The scene painted by Neuville in The Last Cartridges conjures the profound sadness of the glorious but tragic events that took place during the fighting at the village of Bazeilles, just before the Battle of Sedan and the surrender of Napoleon III. The marines (both infantrymen and artillerymen) of the Division Bleue(A French military division during the Franco Prussian War) protected the retreat of General de Failly’s 5th Army Corps. They repelled two assaults by Bavarian soliders (who were allied with Prussia), and barricaded themselves in the last building in Bazeilles, the L’Auberge Bourgerie [The Bourgerie Inn]. They held on until a soldier, Captain Aubert, fired the last round. After holding on heroically for three hours, the marines were forced to surrender. They were helped in the battle by civilians who had also been targeted by the Bavarian soldiers.

Between the afternoon of 30 August and 1 September 1870, 2,655 French marine infantrymen and artillerymen, and almost 5,000 Bavarian soldiers were killed in the fighting at Bazeilles. Around fifteen out of the fifty or so men in the inn survived, and were spared by the Bavarian captain Lossignolo as a mark of respect for their bravery.

In his painting, Neuville succeeds in bringing to life the tension and desperate gestures of the soldiers. He plays on the diffused light of the boarded window, and the grey tones of the dust and gunpowder shed by the rifle shots. He recreates the suffocating atmosphere with his great attention to detail (the rifles, the rubble on the ground, the broken door) and in the stance of the soldiers who are either waiting with anguish, armed with fierce determination at the window, or slumped on the ground exhausted by the fighting.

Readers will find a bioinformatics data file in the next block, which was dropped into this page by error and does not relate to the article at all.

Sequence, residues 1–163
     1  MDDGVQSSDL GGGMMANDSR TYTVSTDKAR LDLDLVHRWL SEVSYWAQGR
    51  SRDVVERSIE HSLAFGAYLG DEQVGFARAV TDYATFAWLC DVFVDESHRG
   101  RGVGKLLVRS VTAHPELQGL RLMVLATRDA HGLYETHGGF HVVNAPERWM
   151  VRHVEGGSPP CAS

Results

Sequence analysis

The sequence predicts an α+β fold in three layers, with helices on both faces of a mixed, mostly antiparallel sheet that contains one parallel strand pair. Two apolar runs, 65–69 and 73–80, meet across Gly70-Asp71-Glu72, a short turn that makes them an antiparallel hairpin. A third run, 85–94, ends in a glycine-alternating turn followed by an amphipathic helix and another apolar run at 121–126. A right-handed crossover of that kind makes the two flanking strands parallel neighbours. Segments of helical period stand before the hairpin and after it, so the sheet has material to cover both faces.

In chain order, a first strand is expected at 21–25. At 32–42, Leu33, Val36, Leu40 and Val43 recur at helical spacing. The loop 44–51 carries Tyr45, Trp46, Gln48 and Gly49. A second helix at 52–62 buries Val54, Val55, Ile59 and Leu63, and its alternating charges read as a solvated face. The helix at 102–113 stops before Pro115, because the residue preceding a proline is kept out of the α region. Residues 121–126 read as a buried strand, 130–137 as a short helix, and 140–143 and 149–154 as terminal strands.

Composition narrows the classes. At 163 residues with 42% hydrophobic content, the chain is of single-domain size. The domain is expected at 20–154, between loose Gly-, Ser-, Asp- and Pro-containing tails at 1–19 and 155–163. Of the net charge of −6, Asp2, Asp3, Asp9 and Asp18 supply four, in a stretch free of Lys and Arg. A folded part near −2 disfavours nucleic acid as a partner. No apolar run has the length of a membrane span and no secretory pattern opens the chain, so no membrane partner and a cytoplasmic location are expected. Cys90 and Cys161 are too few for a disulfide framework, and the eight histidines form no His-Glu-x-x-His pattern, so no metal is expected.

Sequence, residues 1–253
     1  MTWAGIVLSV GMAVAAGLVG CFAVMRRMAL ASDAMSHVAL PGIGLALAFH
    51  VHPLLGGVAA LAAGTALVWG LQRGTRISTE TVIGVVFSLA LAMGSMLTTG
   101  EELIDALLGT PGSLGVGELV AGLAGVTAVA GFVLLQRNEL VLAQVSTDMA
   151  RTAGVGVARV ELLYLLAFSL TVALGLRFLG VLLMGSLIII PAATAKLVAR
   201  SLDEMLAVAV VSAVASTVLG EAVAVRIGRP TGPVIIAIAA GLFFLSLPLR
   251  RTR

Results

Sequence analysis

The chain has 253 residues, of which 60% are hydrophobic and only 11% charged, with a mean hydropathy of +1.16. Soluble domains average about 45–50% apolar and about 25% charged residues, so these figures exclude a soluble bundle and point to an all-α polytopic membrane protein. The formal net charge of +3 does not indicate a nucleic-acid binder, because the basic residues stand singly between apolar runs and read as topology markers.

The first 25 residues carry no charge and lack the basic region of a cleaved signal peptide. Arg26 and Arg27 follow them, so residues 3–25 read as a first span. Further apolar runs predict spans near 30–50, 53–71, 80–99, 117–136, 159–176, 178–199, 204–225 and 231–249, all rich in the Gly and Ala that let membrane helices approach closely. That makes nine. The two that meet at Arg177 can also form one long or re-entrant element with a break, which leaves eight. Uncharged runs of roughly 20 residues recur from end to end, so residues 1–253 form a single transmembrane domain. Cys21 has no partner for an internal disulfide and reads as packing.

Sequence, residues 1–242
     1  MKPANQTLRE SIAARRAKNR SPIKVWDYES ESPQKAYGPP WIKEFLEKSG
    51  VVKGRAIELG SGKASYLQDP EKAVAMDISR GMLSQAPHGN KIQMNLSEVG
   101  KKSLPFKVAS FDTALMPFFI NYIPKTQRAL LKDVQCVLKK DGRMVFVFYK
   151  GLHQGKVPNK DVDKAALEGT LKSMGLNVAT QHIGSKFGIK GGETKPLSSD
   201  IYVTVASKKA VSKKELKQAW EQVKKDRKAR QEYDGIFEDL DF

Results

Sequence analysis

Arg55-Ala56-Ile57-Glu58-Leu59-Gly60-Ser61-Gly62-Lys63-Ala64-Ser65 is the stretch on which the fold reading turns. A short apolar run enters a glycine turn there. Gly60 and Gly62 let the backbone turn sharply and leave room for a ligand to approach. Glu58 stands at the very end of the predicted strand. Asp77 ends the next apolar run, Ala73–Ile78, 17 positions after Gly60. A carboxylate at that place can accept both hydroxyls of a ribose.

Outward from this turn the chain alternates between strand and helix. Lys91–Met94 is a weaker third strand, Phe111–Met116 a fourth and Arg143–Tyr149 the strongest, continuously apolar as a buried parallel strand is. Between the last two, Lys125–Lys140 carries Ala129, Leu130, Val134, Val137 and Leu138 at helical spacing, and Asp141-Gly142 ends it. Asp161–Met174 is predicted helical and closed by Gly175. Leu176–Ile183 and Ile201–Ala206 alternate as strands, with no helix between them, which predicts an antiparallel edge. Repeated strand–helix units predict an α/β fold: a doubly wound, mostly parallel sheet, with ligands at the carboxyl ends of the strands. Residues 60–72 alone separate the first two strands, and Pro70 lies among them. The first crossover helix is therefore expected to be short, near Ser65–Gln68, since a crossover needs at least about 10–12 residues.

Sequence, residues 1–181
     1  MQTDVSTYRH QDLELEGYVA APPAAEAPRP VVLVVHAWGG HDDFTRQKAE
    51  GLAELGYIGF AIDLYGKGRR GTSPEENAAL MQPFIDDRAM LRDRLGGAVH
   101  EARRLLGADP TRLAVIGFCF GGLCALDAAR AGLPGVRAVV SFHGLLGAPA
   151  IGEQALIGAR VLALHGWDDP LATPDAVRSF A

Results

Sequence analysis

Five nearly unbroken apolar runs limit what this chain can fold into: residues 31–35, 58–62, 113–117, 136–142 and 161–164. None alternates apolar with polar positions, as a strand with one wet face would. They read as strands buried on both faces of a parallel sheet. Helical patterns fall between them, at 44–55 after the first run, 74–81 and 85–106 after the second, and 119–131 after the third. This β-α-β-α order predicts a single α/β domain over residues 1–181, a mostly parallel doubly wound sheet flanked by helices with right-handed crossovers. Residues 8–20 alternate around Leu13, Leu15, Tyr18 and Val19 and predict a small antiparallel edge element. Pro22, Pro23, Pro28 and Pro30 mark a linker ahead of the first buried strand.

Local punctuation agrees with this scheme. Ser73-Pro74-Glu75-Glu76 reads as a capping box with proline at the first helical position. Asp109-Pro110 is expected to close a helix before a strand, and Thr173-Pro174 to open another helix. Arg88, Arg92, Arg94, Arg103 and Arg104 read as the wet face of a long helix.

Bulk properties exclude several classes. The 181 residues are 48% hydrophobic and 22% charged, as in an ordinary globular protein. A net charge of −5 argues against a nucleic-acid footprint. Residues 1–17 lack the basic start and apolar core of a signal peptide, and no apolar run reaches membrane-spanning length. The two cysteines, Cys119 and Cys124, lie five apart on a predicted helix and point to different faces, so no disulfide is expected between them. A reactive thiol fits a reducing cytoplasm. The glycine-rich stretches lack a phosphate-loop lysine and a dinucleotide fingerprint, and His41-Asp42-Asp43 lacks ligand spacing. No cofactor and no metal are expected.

Combat à Balan ou La dernière cartouche 1873, par Alphonse Marie Deneuville © RMN-Grand Palais / Hervé Lewandowski
Les Dernières Cartouches [the Last Cartridges], 1873, by Alphonse de Neuville © RMN-Grand Palais / Hervé Lewandowski

Presented at the Salon of 1873, Neuville’s canvas was met with great success, 
eloquent proof of the emotion roused by this episode in the War of 1870. Neuville was awarded the Légion d’Honneur [the Legion of Honour: the highest order of civil and military merit] for his work. The work’s popularity cannot be denied: when it was sold at the end of the 19th century, after Neuville’s death, it was the most expensive painting in the world. Neuville remained a key artistic figure until the eve of the First World War and was the embodiment of military painting; his works in other genres never saw the same level of success.

Today the Louvre Museum in Paris has a large collection of Neuville’s notebooks. He is remembered not for being a master of technique, but rather for the way in which he used his paintbrush to bring to life the horrors of the War of 1870, as it was seen by his contemporaries.

►Click here to see Neuville’s sketch of a Turkish man leaning against a wall, part of the collection at the Louvre Museum.

Chambre d'auberge de 1855 conservée dans son état ©
The room at the inn  1855 conservée dans son état ©

At the end of the war, the inn at Bazeilles was transformed into a place of commemoration, and a small museum was built by its owner. An ossuary was constructed between 1876 and 1878 and erected nearby. In 1899, the site was bought thanks to an appeal launched by the journal Le Gaulois (merged with Le Figaro in 1929), and placed under the patronage of the Souvenir Français(An organisation created in 1887 that aims to preserve war memorials) ten years later. The museum was renovated in 2005, and now features a permanent exhibition of military artefacts from the War of 1870, as well as Neuville’s famous painting. Every year in the first or second week of September, Bazeilles commemorates the fighting of 1870 with a concert performed by the Musique Principale des Troupes de Marine (the military band attached to the French Marines), and a wake at the ossuary. The next day, a mass is held at the village church, followed by a short reenactment of the fighting in front of the Maison de la Dernière Cartouche [the House of the Last Cartridge].

Marie de Bruchard, March 2020 (translation JR)

Date :
Technique :
oil on canvas
Place held :
Maison de la dernière cartouche à Bazeilles, Ardennes, France [The House of the last cartridges, in Bazeilles, Ardennes, France].
Photo credit :
© Maison de la dernière cartouche à Bazeilles